Home Energy Efficiency Equity Loan pilot - call for evidence on potential national rollout: analysis of responses

Independent analysis of the responses to the call for evidence on the potential to develop an Equity Loan Scheme as part of the suite of support schemes for the decarbonisation of Scottish homes. Read the call for evidence: https://www.gov.scot/publications/equity-loan-scheme-call-evidence/pages/1/


The call for evidence has generated valuable feedback from a range of knowledgeable and informed stakeholders. This includes over two-thirds of the households who completed works through the Equity Loan pilot and partners involved in delivering the pilot. Representatives of organisations that may make a key contribution to any potential rollout, such as local authorities, support agencies, energy companies and mortgage lenders, also provided valuable perspectives. Their responses provide an essential evidence base for the Scottish Government to draw upon when deciding any next steps.

Most endorsed the use of home equity to support decarbonisation and energy efficiency. They shared examples of the benefits of this approach for individual homeowners and Scotland more broadly. Support for the equity loan model stemmed from its role in enabling homeowners to improve the condition of their properties and make their homes more energy-efficient. Some endorsed the scheme's focus on the decarbonisation of buildings; a few felt that such actions could make a meaningful contribution to climate change mitigation.

However, while there was praise for the equity release model overall, some of those involved in the pilot suggested there was scope for refinement in any potential rollout. They highlighted that a rollout must retain the support available for applicants and described frustrations with processes and timescales for some participants. To maintain their commitment, there is scope to either address these challenges; or manage the expectations of loan holders and delivery partners before they engage with the scheme. A few respondents called for more clarity about the scheme's aims, noting confusion about whether the focus was on decarbonisation and Net Zero; or tackling fuel poverty.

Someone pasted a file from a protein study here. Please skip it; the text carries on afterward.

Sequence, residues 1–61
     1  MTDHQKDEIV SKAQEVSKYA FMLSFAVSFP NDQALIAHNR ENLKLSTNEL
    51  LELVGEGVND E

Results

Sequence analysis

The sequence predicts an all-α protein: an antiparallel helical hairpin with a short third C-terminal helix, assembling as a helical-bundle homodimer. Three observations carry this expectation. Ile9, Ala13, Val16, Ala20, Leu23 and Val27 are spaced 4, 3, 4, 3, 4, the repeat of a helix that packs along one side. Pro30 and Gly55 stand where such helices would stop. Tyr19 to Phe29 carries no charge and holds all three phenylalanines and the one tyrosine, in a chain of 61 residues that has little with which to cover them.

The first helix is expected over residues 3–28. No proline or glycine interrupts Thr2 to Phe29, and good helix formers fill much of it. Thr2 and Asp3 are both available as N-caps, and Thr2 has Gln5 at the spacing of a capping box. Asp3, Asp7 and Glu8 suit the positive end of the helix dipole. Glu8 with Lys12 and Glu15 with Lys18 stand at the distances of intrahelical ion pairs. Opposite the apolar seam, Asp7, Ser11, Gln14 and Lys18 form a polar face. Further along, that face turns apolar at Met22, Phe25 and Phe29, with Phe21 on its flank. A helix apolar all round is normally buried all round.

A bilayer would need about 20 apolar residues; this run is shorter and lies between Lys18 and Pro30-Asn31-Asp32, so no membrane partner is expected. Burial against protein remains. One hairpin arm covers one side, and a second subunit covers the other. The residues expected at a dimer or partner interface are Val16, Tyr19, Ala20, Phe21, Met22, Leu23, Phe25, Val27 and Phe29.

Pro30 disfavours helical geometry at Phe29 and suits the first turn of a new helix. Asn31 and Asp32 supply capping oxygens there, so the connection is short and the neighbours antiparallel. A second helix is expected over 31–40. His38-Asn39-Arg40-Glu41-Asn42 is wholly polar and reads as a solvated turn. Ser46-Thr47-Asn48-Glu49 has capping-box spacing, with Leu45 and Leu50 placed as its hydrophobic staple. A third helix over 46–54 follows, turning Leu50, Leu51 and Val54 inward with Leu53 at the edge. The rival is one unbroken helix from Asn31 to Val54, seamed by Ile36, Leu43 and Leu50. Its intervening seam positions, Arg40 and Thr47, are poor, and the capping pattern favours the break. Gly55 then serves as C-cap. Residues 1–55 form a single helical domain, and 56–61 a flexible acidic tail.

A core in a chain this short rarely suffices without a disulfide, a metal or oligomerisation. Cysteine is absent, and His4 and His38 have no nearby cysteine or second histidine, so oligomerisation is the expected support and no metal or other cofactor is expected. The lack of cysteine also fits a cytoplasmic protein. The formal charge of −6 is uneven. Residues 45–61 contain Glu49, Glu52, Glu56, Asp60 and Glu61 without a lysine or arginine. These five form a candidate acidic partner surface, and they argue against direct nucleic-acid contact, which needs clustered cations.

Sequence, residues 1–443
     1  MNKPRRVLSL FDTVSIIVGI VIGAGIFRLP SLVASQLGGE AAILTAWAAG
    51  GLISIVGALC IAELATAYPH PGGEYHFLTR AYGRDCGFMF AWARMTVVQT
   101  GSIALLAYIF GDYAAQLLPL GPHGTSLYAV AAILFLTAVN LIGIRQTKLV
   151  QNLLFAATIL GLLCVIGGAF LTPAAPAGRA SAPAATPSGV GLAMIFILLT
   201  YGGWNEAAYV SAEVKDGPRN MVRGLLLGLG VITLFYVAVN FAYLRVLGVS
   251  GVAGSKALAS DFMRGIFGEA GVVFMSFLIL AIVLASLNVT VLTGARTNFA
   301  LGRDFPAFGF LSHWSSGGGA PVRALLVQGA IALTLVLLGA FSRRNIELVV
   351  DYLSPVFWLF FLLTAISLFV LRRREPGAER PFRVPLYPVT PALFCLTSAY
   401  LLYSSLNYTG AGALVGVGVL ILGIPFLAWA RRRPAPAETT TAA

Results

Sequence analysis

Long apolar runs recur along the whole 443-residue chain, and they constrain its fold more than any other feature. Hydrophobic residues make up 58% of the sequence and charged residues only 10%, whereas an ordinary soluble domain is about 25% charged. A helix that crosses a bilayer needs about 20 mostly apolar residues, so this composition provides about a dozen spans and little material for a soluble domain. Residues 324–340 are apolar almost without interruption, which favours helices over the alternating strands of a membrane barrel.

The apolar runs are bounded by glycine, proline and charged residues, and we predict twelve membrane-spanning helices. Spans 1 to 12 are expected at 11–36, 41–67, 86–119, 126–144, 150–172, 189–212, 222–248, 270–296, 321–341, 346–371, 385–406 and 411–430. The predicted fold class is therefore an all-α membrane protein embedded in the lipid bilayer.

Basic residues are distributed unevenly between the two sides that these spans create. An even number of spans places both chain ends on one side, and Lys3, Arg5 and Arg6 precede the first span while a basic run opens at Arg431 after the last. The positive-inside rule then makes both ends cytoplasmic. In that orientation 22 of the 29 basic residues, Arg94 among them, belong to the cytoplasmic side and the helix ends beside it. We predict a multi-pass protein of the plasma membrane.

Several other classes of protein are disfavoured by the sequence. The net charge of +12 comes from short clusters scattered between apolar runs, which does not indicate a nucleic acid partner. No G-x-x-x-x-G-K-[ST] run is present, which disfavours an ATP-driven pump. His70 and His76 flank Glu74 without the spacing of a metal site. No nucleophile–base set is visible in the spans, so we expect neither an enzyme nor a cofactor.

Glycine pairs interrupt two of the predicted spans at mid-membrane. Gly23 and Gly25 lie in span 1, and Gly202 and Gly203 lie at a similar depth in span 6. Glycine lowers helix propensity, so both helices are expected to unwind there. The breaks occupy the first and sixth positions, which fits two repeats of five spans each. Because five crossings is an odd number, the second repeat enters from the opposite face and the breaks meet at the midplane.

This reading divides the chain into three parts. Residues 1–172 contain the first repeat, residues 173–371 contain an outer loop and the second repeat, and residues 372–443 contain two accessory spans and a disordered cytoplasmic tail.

There was general agreement that the EPC could be used in a future scheme, but respondents highlighted improvements to enhance this aspect of any potential rollout. Support for the proposed consumer protection approach set out in the consultation paper was also evident, including the intention to adopt the latest retrofit standards and use the UK TrustMark quality assurance framework. Respondents also put forward a range of suggestions about how to work effectively with partners. They highlighted the need for contractors with appropriate skills to be available to install the home improvements.

Mixed views emerged about eligibility and expanding the scheme's reach; some felt the existing model worked well; others called for an expansion based on needs assessments or broader criteria, particularly around eligible council tax bands. A few felt landlords with more than two properties should be able to engage with any potential rollout. The list of eligible measures was endorsed and some other options were also suggested. Alternative approaches to eligibility and any expansion of measures included in the scheme could be considered in line with the resources available for a potential rollout,

Overall, the feedback presents clear evidence that the pilot was valued, and a wider rollout is welcomed. These views were underpinned by broad recognition of the positive impacts experienced by many households who took part in the equity loan pilot.


Email: heatinhomesequityloan@gov.scot

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